The gorilla who was one of us

Koko the gorilla could do some amazing things. But in her lifetime, her notable achievement was making humans stop to consider whether we do right by our evolutionary pals.

Koko could talk.

The Gorilla Foundation has announced that Koko is dead at the age of 46.

“She actually wasn’t told that he passed away,” her human, Francine Patterson, said when Robin Williams, who was a friend, died. “I was with her and we started getting phone calls when the news broke. She was right next to me and could hear the conversation and knew that something was wrong. She asked me to tell her what it was. So I did. It was upsetting to everybody.”

“She had watched him in movies before, and his visit was not too long after [her gorilla playmate] Michael’s passing. She hadn’t smiled, and she had been very, very sad—not talking much, not eating much. And, when [Robin Williams] came she knew he was a funny man, and she started to come out of that. She had her first smile with him, her first laugh, and her first invitation to play a game with someone. He helped her healing,” Patterson said.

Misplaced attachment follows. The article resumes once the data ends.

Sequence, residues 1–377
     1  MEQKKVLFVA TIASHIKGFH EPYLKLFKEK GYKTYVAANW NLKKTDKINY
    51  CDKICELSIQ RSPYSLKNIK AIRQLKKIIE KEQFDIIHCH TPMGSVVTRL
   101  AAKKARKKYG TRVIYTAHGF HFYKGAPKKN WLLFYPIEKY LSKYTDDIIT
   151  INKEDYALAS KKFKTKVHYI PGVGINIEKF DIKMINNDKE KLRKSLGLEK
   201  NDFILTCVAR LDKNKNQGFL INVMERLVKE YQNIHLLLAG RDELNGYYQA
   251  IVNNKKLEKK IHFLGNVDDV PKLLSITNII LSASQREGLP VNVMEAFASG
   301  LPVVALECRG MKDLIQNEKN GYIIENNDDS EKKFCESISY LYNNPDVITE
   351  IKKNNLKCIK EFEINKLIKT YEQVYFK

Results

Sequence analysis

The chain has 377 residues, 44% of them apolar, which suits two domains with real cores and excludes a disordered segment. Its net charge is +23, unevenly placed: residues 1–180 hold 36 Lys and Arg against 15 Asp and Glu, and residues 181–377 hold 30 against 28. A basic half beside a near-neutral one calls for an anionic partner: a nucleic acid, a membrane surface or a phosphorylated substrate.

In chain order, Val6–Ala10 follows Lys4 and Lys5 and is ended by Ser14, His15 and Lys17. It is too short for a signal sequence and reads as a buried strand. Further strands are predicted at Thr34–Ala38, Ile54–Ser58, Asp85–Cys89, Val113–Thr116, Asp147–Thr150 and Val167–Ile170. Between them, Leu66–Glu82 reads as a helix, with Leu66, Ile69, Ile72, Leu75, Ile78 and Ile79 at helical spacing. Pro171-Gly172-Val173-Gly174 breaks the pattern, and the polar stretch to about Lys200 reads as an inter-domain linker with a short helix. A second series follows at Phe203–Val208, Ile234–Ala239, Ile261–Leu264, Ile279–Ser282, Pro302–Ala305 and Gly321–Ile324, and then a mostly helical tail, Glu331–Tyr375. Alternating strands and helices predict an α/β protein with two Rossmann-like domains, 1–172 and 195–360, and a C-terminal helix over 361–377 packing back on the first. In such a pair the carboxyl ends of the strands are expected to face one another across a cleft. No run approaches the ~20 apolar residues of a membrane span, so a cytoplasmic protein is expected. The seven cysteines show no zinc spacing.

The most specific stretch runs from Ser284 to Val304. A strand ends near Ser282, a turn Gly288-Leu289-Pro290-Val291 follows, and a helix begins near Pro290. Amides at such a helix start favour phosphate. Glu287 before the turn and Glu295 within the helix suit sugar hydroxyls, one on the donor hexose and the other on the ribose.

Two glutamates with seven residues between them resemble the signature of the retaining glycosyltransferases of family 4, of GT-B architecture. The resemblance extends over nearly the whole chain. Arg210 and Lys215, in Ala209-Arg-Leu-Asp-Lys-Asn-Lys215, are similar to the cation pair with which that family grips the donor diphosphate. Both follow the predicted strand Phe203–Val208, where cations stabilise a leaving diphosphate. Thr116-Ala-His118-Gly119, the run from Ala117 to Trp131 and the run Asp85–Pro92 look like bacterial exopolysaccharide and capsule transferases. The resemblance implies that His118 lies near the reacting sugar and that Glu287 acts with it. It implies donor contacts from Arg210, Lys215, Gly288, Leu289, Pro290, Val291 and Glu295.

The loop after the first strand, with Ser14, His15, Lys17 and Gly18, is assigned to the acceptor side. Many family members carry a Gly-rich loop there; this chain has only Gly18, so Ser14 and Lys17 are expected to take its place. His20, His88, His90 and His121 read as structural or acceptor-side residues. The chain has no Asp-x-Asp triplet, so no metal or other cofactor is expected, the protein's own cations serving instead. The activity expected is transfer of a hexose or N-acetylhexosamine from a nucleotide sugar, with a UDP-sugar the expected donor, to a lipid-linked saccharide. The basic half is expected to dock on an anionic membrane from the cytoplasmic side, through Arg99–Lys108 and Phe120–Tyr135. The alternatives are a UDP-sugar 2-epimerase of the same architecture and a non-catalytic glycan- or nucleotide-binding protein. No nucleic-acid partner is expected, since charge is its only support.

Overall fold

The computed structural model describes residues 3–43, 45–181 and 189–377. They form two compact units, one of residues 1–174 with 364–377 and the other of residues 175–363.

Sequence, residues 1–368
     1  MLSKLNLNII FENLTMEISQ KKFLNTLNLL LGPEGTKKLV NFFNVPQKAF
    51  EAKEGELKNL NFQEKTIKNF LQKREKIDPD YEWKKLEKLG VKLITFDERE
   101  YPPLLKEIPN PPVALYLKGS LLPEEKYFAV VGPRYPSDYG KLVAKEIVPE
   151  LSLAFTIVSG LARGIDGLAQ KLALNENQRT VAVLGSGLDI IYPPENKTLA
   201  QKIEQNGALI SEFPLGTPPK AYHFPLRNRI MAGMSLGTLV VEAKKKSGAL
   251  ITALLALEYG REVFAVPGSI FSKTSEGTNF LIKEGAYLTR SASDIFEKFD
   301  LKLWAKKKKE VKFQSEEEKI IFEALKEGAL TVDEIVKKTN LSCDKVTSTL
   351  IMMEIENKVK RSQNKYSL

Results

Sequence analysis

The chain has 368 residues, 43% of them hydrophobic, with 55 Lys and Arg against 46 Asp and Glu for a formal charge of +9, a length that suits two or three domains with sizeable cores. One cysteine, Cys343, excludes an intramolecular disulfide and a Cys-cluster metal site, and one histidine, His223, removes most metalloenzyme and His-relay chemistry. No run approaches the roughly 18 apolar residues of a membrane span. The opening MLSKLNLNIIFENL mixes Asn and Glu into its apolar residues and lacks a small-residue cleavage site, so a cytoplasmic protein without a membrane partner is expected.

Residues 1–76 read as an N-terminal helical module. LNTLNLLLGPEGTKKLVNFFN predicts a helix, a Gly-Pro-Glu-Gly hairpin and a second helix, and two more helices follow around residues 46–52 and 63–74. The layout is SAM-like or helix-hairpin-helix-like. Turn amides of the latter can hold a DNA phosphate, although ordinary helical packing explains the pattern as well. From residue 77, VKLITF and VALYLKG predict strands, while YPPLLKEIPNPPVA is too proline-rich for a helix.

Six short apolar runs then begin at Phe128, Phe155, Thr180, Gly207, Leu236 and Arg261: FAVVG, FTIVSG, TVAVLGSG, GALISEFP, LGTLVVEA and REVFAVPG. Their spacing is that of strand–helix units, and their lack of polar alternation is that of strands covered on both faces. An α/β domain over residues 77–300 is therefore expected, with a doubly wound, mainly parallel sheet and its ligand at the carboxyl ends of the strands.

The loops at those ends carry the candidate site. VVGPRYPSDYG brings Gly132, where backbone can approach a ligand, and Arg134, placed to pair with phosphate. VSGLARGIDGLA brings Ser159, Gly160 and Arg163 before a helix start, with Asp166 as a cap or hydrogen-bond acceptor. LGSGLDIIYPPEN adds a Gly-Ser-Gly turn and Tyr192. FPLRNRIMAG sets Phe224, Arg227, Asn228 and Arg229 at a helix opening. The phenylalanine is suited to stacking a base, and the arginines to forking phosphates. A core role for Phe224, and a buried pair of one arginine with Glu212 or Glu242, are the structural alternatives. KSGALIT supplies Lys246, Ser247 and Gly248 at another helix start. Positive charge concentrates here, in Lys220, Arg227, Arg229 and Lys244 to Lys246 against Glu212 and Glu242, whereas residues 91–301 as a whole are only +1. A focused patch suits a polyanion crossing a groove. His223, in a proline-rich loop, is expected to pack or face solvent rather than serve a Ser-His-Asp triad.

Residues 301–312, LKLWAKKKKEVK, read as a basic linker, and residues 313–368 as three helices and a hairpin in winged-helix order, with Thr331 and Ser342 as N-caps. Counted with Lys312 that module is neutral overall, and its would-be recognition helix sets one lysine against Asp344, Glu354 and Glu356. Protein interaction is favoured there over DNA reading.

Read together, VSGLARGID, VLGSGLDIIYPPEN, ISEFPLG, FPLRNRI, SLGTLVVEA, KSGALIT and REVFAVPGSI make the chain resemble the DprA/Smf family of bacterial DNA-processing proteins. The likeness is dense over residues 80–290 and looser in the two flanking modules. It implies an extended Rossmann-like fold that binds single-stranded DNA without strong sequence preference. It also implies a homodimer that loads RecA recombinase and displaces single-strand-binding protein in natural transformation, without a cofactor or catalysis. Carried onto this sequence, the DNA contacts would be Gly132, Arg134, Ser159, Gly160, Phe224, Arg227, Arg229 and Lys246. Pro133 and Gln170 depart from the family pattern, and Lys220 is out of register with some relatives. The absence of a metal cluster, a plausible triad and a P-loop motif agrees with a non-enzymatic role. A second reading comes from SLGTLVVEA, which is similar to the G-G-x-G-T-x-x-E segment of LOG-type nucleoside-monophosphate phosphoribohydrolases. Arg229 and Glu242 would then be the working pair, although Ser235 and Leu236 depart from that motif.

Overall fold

“Her impact has been profound and what she has taught us about the emotional capacity of gorillas and their cognitive abilities will continue to shape the world,” the Gorilla Foundation said.

Koko knew more than a thousand words. One of the first ones she learned was “queen,” Patterson told The Atlantic in a 2015 story.

“It was a sign we almost never used!” she said. “Koko understands that she’s special because of all the attention she’s had from professors, and caregivers, and the media.”

“I thought of all the radio and optical telescopes of the world perpetually aimed at the sky—scanning the heavens for the faintest glimmer of intelligent life,” Roc Morin, the author of The Atlantic article, wrote. “All this, while we are still so far from truly understanding the intelligent life here at home.”